I am a pellet grill newby and a recent convert from the backyard charcoal grill to the Yoder YS640. After a ton of research on pellet grills, I jumped in the deep end with this grill and have won raving Family fans after four grilling adventures. I have never cook ribs...tried three racks using a special rub and several ours on the Yoder...and my wife who isn't fond of ribs was eating the left overs the next day! This grill is easy to use and creates fantastic tasting food. My only regret is that I didn't purchase the grill a lot sooner.
Traeger Smoker – Buyer beware. My Traeger stopped working both times I’ve used it. It just stops after about 2 hours. Traeger’s response is their pillory is they don’t make refunds. The nearest service is 3 hours away and it’s just too far for them. They said the solution to it stopping is for me to partially disassemble it when it stops and vacuum out the burner pot. They said they would talk me through some troubleshooting. They offered to send me replacement parts but said they don’t think it will help. I can’t return it, they can’t determine a fix for it. I’m supposed to just eat the $830 cost for a smoker that doesn’t work.
Thanks for the quick response and advice. I see a pellet pro hopper assembly is around $250 compared to the Memphis pro at over $2000. I didn’t realize that drafting isn’t important for the sake of temp regulation but what about how the smoke travels from the firebox towards the meat? I also would like to include an element of humidity, is simply putting a pan of water in the cooker or is there a better way?
The Champion Competition Pro Wood Pellet Grill and Smoker by Louisiana Grills takes outdoor cooking versatility to all new heights. A total cooking area of 3432 sq. in. (8718 sq. cm) and fully integrated multi-chamber smoking cabinets, the Champion Competition Pro is designed to be a show stopper. With direct and indirect flame grilling in the main barrel, hot smoking in the lower smoke cabinet, and cold smoking in the upper smoke cabinet, the Champion Competition Pro is the ultimate grill for the outdoor barbecue enthusiast. This grill revolutionizes grilling in three different ways: the digital control center and lid thermometer allows for precise temperature control of a dynamic range of 60°F-600°F (15°C -177°C) for grilling and smoking, the use of all-natural hardwood pellets allows you to enjoy the amazing wood flavor with the single push of a button, and a programmable meat probe that works together with the digital control center to regulate temperature.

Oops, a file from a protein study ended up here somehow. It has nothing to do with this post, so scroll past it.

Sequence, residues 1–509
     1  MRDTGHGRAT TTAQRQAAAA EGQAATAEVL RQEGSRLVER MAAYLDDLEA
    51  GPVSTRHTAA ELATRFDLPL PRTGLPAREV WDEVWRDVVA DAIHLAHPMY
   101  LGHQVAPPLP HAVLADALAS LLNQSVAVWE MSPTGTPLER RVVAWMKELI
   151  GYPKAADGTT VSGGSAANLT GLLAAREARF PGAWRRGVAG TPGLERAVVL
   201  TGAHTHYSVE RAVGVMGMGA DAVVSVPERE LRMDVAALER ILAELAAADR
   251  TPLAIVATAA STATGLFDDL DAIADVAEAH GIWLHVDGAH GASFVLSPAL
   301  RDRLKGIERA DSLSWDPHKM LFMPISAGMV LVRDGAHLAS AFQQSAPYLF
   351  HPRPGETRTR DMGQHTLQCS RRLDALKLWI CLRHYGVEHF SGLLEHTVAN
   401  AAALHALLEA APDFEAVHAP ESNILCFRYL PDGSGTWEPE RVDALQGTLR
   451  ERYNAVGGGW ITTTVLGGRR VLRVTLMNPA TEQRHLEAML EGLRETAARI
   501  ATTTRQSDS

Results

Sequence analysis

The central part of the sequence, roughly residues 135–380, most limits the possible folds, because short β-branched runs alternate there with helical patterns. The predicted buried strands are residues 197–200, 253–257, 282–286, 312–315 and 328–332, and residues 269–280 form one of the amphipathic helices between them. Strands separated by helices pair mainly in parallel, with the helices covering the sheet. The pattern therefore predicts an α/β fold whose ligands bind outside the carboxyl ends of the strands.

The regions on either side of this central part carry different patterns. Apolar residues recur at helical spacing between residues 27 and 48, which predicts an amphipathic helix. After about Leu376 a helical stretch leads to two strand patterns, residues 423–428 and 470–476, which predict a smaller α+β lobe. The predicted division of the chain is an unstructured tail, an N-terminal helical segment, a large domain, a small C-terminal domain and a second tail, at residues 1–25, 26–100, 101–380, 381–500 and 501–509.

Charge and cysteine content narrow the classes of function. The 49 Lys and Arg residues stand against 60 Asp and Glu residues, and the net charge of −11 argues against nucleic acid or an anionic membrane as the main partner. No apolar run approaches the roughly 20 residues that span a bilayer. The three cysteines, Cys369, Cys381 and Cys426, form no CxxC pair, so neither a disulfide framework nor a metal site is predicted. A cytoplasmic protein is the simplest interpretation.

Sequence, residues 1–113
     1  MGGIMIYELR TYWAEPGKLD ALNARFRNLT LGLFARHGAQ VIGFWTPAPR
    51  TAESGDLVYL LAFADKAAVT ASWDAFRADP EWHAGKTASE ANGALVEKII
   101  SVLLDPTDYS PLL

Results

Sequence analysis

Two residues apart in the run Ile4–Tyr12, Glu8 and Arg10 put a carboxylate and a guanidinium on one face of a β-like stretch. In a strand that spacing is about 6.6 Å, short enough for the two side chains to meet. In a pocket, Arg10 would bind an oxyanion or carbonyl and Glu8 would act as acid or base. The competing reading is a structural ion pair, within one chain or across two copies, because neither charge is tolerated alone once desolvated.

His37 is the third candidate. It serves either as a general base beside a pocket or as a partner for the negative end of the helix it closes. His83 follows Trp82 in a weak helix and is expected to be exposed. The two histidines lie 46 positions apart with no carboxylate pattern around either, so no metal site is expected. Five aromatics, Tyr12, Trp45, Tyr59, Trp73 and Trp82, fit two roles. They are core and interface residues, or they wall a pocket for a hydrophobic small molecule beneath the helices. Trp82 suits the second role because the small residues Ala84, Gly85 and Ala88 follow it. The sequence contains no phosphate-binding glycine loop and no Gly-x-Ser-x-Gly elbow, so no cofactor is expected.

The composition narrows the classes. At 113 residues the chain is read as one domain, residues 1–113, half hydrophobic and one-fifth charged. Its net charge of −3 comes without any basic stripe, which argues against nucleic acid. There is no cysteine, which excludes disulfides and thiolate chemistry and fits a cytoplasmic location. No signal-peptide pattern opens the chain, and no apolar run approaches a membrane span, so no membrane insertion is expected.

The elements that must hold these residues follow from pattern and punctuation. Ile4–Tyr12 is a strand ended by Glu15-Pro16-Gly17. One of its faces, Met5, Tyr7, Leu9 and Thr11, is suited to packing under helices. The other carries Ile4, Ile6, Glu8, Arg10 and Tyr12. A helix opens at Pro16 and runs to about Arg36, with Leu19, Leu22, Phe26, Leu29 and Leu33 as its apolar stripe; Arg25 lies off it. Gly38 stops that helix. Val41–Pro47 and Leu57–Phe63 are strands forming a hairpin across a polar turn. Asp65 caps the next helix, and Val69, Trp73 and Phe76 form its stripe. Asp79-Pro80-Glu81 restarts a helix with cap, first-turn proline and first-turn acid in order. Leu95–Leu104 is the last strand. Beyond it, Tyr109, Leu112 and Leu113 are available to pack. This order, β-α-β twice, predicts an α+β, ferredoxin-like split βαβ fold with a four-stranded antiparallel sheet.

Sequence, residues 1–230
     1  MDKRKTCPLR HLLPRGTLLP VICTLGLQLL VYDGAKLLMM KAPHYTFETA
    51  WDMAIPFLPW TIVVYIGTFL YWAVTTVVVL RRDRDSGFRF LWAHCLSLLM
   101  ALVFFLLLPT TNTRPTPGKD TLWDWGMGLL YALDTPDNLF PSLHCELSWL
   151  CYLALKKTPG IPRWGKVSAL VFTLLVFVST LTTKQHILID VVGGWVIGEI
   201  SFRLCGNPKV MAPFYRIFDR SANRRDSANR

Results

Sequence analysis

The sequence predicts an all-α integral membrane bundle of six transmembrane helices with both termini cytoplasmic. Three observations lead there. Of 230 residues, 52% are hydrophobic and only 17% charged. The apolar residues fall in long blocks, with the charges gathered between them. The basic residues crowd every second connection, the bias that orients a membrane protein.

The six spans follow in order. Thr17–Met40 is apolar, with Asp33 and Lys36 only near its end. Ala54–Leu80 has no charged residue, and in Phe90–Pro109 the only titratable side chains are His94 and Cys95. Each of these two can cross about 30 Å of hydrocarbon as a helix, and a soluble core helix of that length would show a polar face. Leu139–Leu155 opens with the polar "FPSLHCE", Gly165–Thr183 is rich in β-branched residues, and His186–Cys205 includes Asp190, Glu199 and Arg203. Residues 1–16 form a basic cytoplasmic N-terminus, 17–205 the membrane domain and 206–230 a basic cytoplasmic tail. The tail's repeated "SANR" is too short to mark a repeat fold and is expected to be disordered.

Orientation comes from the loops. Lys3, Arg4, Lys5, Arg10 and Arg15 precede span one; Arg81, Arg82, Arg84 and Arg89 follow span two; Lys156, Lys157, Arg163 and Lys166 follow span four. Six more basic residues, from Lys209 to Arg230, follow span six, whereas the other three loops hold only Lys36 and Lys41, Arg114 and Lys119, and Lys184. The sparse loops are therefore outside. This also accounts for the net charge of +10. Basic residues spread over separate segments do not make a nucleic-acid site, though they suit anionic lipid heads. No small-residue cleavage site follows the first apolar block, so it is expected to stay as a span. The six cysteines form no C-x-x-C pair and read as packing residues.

Yoder's Variable Displacement Damper is another unique feature: Essentially, it's a metal plate that may be moved from left to right along the lower smoke box. Positioned all the way left, it concentrates heat directly over the fire pot for conductive searing with optional aluminum GrillGrates. Move it back to the right for even heat across the entire smoke box. Yoders are sold primarily through independent retailers.
Hey Jeff – I think that due to pellet smokers requiring much of the wood pellet for “fuel” leaving a smaller part for the “smoke” means that you want as much of the smoke to stay in the chamber for as long as possible. Just my opinion. I’ve not used charcoal pellets. Those I’ve spoken with who have used them weren’t extremely happy with the results. Regarding the water pan, I feel that pellet smokers don’t typically require water pans. However, you can surely use one and see how your results go.
I talk with a lot of teams out there, and I know for certain that some of them have turned to my buddy Fred Grosse’s MojoBricks to boost their smoke profile when using pellet grills. In fact, of the teams who win with Pellet Smokers – I’d wager at least a quarter of them to maybe half have used MojoBricks to round out their final product. I really like Fred as well – which makes it a pleasure to include his products in this grouping of pellet grill reviews.